The Story Of The Smothers Brothers TV Show Heading To The Big Screen

A film about the Smothers Brothers, the music comedy act whose variety show on CBS became one of the first programs to bring the 1960s counterculture revolution into Americans’ living rooms, is currently in development. The film will be based on David Bianculli’s critically acclaimed book on the pair and their television show Dangerously Funny: The Uncensored Story Of The Smothers Brothers Comedy Hour.

George Clooney and his producing partner Grant Heslov have optioned the book and have hired Brian Hecker and Craig Sherman to turn it into a screenplay. As of now, Clooney has no plans to either direct or act in the film, but that could very well change with the muli-hyphenate.

For those not that versed on comedy history, the Smothers Brothers show often featured acts that were part of the emerging counterculture movement including Donovan and Joan Baez, while the Brothers own routines often made jokes about then hot button political topics. It got to the point where folk singer Pete Seeger’s performance of the anti-Vietnam War song “Knee Deep In The Big Muddy” was pulled from an episode right before broadcast rather than cause a huge controversy.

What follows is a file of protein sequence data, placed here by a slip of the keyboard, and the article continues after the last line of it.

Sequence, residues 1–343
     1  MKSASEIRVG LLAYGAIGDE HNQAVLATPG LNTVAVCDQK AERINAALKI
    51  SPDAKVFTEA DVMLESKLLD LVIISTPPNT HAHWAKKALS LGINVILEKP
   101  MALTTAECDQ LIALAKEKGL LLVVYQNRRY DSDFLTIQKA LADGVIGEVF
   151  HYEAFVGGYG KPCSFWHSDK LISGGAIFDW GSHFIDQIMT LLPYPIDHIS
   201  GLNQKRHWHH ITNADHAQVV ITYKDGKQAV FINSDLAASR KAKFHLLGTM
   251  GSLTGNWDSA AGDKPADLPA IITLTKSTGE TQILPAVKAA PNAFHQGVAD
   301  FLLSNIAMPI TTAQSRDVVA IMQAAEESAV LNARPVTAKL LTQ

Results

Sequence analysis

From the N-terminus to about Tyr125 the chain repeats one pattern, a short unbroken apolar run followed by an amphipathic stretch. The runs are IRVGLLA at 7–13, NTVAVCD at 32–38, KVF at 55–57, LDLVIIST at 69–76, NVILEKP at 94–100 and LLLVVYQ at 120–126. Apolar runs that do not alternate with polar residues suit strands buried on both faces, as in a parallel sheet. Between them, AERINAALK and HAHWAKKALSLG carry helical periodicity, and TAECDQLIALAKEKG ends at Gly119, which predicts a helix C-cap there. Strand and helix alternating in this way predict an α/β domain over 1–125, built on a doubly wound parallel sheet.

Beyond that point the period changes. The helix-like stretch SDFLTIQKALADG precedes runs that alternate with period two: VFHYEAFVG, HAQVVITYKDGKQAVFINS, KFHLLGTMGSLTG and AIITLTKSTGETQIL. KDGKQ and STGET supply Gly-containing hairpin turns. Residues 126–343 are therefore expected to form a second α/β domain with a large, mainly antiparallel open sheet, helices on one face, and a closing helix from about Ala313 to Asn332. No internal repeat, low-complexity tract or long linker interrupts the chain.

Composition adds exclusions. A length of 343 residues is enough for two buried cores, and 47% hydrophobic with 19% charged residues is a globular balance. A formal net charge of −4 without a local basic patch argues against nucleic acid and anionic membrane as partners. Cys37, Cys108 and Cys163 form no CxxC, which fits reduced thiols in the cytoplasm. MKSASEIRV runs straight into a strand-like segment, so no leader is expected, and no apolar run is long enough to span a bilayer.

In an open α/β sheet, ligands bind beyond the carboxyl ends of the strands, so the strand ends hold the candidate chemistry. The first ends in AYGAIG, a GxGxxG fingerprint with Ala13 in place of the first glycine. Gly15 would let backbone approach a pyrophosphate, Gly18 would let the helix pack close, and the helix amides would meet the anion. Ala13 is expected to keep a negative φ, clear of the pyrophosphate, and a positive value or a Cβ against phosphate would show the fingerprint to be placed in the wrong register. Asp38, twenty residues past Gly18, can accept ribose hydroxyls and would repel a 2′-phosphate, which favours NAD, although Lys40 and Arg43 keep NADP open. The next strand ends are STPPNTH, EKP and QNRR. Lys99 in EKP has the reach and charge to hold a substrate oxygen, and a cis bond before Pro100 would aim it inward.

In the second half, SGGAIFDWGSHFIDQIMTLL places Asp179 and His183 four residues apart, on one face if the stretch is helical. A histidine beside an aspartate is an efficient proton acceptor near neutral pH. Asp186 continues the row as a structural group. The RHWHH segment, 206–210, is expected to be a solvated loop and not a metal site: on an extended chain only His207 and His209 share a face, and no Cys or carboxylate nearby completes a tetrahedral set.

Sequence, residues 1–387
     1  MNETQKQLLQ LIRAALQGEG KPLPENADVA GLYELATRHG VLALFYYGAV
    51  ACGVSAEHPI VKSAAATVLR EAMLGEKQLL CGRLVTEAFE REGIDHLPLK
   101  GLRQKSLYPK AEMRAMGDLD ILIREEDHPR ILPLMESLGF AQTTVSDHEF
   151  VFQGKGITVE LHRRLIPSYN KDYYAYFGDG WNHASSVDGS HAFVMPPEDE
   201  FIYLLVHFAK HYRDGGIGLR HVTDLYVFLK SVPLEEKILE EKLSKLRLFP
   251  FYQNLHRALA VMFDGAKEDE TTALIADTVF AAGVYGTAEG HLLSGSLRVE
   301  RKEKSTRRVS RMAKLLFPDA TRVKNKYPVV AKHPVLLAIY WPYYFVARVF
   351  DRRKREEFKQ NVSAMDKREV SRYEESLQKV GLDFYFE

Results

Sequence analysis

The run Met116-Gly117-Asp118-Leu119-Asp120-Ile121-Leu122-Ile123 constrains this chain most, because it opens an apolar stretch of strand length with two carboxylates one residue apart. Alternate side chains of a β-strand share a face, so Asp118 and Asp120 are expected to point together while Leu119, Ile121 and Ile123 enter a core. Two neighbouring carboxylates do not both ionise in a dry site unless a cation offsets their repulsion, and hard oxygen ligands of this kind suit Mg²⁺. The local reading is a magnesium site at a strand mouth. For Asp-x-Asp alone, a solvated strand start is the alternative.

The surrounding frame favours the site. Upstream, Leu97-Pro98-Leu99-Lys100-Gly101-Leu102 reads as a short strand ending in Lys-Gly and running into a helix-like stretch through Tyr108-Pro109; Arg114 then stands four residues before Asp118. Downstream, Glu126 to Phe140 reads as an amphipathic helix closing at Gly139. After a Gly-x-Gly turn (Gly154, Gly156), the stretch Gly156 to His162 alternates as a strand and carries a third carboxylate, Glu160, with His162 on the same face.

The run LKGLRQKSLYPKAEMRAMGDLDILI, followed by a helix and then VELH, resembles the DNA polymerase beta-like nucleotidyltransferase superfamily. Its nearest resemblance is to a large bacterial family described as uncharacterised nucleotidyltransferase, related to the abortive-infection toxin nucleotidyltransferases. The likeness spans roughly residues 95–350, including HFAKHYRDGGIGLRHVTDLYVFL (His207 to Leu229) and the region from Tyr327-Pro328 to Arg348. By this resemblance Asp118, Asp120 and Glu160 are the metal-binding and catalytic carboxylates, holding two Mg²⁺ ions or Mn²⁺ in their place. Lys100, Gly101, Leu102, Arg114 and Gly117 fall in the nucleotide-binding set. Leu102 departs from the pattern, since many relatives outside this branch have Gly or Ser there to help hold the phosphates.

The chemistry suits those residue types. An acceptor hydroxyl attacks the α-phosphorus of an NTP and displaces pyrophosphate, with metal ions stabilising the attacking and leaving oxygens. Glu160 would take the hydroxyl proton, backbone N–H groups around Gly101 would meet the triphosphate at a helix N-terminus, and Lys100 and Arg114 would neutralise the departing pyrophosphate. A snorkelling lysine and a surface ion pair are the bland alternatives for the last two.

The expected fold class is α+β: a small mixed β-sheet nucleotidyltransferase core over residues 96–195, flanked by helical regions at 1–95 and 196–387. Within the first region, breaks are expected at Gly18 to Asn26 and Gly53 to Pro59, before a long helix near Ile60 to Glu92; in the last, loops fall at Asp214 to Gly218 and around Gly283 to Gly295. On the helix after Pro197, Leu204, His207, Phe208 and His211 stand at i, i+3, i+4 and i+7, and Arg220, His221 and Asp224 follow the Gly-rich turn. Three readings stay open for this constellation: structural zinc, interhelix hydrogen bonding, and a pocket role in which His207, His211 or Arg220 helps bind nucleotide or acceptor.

It was also the place where comics such as Pat Paulsen, Don Novello, Rob Reiner, Albert Brooks and Steve Martin got their start on the writing staff.

Ultimately, the show was cancelled after three seasons, with rumors that network CBS brought the ax down under pressure from the Nixon administration. But the show’s importance and impact can still be felt four decades later in shows such as The Daily Show and Saturday Night Live.

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About Rich Drees 6997 Articles
A film fan since he first saw that Rebel Blockade Runner fleeing the massive Imperial Star Destroyer at the tender age of 8 and a veteran freelance journalist with twenty years experience writing about film and pop culture. He is a member of the Philadelphia Film Critics Circle.
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